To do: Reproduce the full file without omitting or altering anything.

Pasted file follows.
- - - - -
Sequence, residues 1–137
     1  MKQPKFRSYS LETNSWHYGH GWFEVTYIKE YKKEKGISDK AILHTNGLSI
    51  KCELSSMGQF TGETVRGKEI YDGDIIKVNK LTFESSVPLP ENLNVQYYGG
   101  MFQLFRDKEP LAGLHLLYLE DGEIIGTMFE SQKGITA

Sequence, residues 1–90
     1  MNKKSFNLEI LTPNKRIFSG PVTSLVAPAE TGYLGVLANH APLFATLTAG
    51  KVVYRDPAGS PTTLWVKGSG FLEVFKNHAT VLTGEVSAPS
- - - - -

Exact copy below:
Sequence, residues 1–137
     1  MKQPKFRSYS LETNSWHYGH GWFEVTYIKE YKKEKGISDK AILHTNGLSI
    51  KCELSSMGQF TGETVRGKEI YDGDIIKVNK LTFESSVPLP ENLNVQYYGG
   101  MFQLFRDKEP LAGLHLLYLE DGEIIGTMFE SQKGITA

Sequence, residues 1–90
     1  MNKKSFNLEI LTPNKRIFSG PVTSLVAPAE TGYLGVLANH APLFATLTAG
    51  KVVYRDPAGS PTTLWVKGSG FLEVFKNHAT VLTGEVSAPS